Traditional conceptions of state and territoriality no longer capture newly emerging political topographies. As economic activity so does politics take place in and through multiple sites and connections. Approaching the political geographies that emerge around transnational economic activity through conceptual lenses of absence and failure has proven limiting and misleading. This project suggests, instead, that it is the very areas associated with absence and failure that reveal newly emerging configurations of political ordering.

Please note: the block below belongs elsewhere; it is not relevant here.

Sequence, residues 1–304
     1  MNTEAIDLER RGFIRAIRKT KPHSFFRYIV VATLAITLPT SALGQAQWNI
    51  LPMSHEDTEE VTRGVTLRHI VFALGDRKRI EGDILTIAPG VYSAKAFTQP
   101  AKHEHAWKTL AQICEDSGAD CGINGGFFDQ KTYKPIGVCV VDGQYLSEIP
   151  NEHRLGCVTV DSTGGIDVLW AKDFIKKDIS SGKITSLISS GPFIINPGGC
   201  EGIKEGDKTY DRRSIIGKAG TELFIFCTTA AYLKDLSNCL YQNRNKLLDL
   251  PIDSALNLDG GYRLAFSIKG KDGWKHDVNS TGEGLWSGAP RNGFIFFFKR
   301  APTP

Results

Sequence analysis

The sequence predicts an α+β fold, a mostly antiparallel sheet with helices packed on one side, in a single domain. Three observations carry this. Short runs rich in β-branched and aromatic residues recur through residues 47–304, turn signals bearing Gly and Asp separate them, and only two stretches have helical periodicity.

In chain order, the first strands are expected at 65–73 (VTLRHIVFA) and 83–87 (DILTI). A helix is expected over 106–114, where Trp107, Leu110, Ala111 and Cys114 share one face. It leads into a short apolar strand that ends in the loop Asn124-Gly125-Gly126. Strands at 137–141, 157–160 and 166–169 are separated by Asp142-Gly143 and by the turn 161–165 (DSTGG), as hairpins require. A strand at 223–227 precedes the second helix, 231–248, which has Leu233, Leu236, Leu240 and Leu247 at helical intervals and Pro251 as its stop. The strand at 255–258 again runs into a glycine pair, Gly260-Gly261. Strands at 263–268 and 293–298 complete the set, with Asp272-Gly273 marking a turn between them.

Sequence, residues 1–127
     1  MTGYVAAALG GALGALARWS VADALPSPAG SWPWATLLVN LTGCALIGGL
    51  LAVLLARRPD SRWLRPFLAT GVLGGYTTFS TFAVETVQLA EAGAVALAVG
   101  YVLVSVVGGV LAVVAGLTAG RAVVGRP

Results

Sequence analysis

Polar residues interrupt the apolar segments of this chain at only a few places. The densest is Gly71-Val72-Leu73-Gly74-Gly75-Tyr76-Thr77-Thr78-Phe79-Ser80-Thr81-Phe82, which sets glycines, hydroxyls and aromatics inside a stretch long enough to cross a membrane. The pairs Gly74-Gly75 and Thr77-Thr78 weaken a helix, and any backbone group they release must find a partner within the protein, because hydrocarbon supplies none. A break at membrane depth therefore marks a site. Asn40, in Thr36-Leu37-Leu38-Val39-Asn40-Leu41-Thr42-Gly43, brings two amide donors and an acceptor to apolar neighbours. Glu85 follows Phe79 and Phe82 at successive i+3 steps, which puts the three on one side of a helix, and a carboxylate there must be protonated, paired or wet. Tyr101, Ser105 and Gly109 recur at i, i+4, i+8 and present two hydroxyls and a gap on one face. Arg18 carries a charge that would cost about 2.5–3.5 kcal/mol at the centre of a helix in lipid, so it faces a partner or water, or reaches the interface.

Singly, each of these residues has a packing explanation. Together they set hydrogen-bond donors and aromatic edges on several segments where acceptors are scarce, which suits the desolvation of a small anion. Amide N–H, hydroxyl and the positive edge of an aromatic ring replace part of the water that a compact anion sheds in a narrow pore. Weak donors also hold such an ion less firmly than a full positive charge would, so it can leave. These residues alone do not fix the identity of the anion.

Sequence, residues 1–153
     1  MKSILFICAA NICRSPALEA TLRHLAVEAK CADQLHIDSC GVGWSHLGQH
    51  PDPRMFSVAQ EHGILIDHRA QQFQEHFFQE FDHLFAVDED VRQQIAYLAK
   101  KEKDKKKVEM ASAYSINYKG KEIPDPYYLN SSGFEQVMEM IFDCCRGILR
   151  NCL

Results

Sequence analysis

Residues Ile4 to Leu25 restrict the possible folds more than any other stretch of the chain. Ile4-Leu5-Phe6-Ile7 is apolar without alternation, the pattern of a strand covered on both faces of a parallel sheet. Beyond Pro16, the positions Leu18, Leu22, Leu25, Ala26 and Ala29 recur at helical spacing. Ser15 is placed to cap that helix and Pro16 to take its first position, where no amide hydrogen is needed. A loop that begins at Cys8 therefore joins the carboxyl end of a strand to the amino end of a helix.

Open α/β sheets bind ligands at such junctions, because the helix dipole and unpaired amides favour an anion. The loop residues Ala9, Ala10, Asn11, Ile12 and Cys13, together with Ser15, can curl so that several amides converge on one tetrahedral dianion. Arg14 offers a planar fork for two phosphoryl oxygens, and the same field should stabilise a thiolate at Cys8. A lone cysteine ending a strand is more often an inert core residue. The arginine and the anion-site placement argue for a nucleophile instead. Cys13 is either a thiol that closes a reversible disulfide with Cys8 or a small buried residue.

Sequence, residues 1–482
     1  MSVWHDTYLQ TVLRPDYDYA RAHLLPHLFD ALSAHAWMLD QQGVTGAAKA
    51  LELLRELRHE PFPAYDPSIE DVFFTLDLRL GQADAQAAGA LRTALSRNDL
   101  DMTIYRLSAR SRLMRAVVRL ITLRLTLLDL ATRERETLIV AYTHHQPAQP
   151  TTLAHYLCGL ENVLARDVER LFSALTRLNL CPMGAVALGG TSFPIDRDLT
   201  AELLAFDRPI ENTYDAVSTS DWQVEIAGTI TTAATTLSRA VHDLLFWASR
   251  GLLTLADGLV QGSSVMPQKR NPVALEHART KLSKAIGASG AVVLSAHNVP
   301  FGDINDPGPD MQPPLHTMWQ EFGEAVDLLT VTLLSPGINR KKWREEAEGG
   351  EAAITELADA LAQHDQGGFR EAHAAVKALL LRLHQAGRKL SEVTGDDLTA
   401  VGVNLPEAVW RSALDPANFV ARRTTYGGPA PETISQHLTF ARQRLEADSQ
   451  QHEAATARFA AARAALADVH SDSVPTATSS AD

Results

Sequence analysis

Sites and technologies of transnational economic activity provide particularly insightful starting points to explore such political geographies. Examining global infrastructures of production, transport and distribution, and practices of securing such activities and their spatial manifestations, brings to light emerging spatialities of power and politics that are crucial for understanding the future of world politics.